Then Florence, a longtime friend who had lived in Lebanon for over five years, suggested that we as musician could fulfill our artistic mission as well as bring some financial relief to the musicians of Lebanon. What started as a simple idea, immediately turned into a huge project as so many people liked the concept and offered their help. It is very meaningful to perform at St. Joseph Church, which was also severely damaged in the 2020 blast and has since been painstakingly restored. A lot of concerts are played here.
Who will be participating in this charity concert?
It will be a truly international collaboration between America and Lebanon: we will have the Lebanese Chamber Orchestra and 15 string players mostly from the Lebanese Philharmonic Orchestra. My CSP partner Javier Oviedo will perform, among others, Crux Fidelis, a concerto for saxophone and strings, commissioned by us from prominent Lebanese composer Naji Hakim. Lebanese violinist Mario Rahi will play the Concerto for violin in E Major by J.S. Bach. And finally, I will have the honor to conduct the orchestra.
We are also proud to partner with the Beirut-based ART IN MOTION organization on this project. And we hope that the concert on January 8 will be the first one in a long collaboration between CSP and the Lebanese musicians.
How can people who are not in Beirut that night enjoy the concert?
The concert will be videotaped and livestreamed. All info about the livestream will be posted on our website, and the video will be up on YouTube. The concert has already gotten national and international media coverage.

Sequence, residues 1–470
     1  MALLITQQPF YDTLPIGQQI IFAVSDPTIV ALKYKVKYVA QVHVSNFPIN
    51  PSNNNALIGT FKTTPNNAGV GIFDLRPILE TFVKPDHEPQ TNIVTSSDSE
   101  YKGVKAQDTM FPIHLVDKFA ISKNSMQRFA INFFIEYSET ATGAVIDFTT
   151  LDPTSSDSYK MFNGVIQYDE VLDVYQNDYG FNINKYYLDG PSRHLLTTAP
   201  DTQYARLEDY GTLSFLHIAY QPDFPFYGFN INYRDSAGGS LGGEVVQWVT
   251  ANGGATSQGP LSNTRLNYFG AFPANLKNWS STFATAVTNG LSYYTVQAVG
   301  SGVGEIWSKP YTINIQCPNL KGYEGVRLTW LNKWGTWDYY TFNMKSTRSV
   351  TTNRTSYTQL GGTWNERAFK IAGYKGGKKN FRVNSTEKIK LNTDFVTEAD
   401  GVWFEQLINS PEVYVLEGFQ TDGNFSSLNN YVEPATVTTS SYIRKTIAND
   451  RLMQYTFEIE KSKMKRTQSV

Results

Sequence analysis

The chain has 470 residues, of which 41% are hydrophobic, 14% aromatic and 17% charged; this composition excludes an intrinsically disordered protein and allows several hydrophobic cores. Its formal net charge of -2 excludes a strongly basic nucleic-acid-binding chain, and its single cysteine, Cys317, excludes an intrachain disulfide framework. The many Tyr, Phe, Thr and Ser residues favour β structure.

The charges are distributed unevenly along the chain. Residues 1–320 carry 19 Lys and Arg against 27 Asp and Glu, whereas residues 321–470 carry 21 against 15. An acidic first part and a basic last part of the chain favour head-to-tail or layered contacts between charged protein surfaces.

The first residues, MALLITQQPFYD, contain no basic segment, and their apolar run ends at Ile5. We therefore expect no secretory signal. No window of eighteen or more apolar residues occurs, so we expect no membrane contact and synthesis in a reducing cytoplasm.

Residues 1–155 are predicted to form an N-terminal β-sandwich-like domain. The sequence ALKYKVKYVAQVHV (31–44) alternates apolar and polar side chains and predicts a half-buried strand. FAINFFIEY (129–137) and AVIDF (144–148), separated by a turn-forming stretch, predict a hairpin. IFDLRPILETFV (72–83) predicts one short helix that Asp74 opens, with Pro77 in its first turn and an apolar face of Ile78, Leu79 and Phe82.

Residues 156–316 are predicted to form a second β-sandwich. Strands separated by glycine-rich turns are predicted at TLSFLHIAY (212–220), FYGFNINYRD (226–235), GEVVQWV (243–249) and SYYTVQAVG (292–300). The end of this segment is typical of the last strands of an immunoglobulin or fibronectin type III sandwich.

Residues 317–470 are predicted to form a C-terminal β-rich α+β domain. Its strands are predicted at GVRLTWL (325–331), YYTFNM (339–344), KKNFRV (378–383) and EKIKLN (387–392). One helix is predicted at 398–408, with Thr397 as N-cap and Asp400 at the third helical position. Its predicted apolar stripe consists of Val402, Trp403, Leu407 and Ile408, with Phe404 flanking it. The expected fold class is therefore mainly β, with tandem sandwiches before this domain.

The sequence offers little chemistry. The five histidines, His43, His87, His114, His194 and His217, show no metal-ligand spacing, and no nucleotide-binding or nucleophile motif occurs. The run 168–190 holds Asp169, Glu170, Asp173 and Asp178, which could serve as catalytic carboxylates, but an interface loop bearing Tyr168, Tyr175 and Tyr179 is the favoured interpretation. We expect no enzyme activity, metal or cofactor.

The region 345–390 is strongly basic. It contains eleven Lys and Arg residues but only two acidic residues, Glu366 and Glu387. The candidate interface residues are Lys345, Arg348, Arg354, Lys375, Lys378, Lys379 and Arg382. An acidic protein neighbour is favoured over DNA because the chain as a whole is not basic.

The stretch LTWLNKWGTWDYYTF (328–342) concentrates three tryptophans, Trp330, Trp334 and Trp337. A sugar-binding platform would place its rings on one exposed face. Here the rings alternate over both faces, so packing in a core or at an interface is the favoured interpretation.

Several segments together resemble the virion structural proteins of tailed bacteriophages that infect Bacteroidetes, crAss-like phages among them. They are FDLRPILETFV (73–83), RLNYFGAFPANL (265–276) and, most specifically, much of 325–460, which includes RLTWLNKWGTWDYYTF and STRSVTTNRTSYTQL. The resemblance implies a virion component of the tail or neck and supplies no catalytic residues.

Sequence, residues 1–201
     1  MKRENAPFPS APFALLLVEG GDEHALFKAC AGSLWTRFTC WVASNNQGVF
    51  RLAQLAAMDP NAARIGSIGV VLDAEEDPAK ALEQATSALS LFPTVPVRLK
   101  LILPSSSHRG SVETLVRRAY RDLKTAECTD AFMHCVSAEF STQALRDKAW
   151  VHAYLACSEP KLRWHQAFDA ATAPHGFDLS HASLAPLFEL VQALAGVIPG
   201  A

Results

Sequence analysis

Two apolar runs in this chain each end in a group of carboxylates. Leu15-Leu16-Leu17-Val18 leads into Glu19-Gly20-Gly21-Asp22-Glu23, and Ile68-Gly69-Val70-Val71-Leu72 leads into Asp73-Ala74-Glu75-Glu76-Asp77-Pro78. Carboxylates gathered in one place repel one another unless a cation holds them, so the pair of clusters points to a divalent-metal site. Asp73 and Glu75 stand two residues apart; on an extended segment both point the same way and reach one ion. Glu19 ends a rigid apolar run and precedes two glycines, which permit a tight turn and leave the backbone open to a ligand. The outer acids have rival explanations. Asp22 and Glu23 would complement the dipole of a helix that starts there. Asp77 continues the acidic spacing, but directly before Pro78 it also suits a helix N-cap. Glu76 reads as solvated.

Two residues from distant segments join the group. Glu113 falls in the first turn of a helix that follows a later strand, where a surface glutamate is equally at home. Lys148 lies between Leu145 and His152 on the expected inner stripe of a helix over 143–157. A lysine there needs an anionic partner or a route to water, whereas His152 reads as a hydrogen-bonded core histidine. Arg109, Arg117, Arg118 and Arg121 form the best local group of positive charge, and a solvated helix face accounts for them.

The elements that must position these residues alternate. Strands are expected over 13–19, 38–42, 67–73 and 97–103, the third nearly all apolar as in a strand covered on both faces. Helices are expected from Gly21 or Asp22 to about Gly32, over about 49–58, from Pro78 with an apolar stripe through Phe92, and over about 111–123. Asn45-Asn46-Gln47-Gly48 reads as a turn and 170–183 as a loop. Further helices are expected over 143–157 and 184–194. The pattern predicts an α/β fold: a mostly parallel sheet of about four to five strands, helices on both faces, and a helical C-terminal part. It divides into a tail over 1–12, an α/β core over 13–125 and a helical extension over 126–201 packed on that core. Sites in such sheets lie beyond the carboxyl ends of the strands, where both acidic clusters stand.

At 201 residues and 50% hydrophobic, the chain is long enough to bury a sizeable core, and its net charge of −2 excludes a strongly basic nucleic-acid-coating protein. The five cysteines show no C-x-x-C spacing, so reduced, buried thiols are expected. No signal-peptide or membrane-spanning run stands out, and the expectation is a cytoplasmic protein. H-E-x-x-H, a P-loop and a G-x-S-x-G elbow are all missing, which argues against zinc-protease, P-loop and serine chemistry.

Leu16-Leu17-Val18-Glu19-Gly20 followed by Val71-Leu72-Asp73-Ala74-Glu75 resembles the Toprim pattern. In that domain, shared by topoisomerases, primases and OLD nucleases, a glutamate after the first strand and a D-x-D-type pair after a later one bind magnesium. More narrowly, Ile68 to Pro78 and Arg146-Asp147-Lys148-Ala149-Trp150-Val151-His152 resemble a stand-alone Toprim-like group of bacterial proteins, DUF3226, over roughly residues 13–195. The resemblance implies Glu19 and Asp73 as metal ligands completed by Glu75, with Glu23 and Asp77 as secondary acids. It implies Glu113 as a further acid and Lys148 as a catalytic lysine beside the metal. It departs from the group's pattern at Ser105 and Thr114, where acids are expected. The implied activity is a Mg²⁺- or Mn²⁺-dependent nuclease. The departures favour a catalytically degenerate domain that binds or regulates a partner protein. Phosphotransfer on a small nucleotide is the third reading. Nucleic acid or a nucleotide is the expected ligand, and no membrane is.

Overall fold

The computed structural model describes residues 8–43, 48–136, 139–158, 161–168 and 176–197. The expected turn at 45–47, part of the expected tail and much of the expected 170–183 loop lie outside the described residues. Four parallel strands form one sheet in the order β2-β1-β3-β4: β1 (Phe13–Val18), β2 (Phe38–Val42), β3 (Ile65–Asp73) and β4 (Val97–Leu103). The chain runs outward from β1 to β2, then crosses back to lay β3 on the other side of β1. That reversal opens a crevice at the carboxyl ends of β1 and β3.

What else would you like us to know about yourself, your work, or this concert?
For more than 8 months now I have spent a tremendous amount of time on this project, and am happy to do so. It has allowed me to meet, often virtually, so many inspiring people who offered their help, advice, and encouragement. For this I am immensely grateful.
It is very simple to forget that even if our lives are not always what we hoped it would be, there are around the world so many people who have much less. I believe that we artists, especially musicians, have a huge opportunity to make a difference, even if small, in the lives of others. I say “especially musicians” because after all music is a universal language… no words, no political nor religious connotation. At 73 I am still amazed, wherever I have conducted, in many cases not speaking a word of the language of the instrumentalists of the orchestra, we all open our scores, we understand each other, and music flows.
Thank you, Maestro!
— Kahlil Gibran
All images courtesy Jean-Pierre Schmitt unless otherwise credited